ISAIAH BRANCH-BOYLE/Durango Herald
Three Durango hotels are trying to stir interest among industry colleagues in recycling soap bars they normally discard.
The used bars, which usually end up in a landfill because they can’t be left for the next client, contribute to the Global Soap Project. The Atlanta-based project reprocesses soap into new bars, which are distributed in distressed countries around the world and in disaster areas – places where their usage represents one of the best defenses against life-threatening disease.
Nine hundred hotels across the country, but only 25 in Colorado, currently reroute their used soap to the project.
Leading the charge in La Plata County are Durango Mountain Resort, the Strater Hotel and Durango Inn & Suites, a Best Western property.
The nonprofit Global Soap Project was started in 2009 by Sarah and Derreck Kayongo of Uganda. During a visit to the United States, the couple noticed that hotels threw out soap bars that sometimes were used only once.
Derreck Kayongo, who fled the oppressive regime of Idi Amin in 1979, is no longer involved in day-to-day operations.
“I’m the Pied Piper,” Kayongo said by telephone. “My job is to lead people and get them involved in the project.”
Hilton Worldwide got involved last year, donating $1.3 million to expand production. The project now turns out 15,000 bars of soap a day, up from 2,000 a week.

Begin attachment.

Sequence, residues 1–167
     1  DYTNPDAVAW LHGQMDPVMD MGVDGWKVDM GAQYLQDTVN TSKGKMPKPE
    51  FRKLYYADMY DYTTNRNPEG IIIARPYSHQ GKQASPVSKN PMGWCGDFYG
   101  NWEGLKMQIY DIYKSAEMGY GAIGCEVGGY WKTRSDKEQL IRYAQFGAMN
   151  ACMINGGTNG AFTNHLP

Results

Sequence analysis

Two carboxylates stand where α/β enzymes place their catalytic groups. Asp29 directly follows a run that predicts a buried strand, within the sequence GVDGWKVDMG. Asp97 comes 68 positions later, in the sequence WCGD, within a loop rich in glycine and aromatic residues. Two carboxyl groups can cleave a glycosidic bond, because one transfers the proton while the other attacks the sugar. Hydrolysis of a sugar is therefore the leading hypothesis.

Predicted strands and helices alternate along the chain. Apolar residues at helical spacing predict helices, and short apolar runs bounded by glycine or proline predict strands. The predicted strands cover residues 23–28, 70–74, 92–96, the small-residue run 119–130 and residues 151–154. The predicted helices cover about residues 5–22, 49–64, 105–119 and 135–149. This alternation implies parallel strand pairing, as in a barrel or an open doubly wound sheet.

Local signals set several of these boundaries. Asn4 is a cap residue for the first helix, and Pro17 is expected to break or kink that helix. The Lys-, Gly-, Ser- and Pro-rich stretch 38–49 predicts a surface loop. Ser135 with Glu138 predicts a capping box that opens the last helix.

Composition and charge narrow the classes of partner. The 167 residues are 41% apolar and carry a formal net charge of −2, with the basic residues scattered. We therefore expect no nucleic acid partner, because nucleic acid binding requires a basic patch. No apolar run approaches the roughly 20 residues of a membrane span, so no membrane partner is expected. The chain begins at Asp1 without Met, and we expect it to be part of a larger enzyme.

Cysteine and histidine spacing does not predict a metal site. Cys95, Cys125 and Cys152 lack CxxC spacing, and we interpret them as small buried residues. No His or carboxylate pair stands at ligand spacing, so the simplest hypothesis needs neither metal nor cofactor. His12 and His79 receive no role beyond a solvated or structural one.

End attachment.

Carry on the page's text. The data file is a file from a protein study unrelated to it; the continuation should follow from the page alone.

A few facts about soap should be enough to sell involvement in the project, the Durango hotel leaders say.
One-third of the world’s soap is used in the United States.
Hotels in the country, a total of 4.6 million rooms, discard 2.6 million bars of soap a day.
Since 2009, more than 7 million children have died from disease that could have been prevented with proper hygiene.
Handwashing by birth attendants before delivery reduces infant mortality by 19 percent.
“Our housekeeping staff is a key component in the operation,” said Jola Schraub of Durango Mountain Resort. “That’s where the collection begins.”
She said small hotels and motels possibly could collaborate by determining if they use the same brand of soap and perhaps make arrangements to pool their used bars for shipment, the cost of which is tax-deductible.
The Global Soap Project can’t reprocess different soaps in the same batch because of their chemical components, Schraub said.
Global Soap prefers a single large shipment instead of many small ones in order to have enough soap to reprocess, she said.
Lilly Dimling, the operations manager at the Global Soap Project, said any type of soap is accepted. But glycerine and oatmeal soaps are more difficult reprocess, she said.
Dimling said soap is distributed through partnerships with nongovernmental organizations in the United States that have contact overseas.
Since June 2009 when shipments began, soap has gone to 23 countries in Asia, Africa and Central and South America. Haiti and Kenya have been repeat recipients, she said.
The project has been successful because it has a human side, Derreck Kayongo said. It’s not simply another enterprise.
Kayongo said that housekeepers in hotels are often from distressed places such as Africa, Eastern Europe and Latin America.
Involvement in recycling soap gives them a sense of accomplishment and the knowledge that the discarded soap bars they collect may find their way back home.
“Cooperation in a social enterprise like ours equals a solution,” Kayongo said.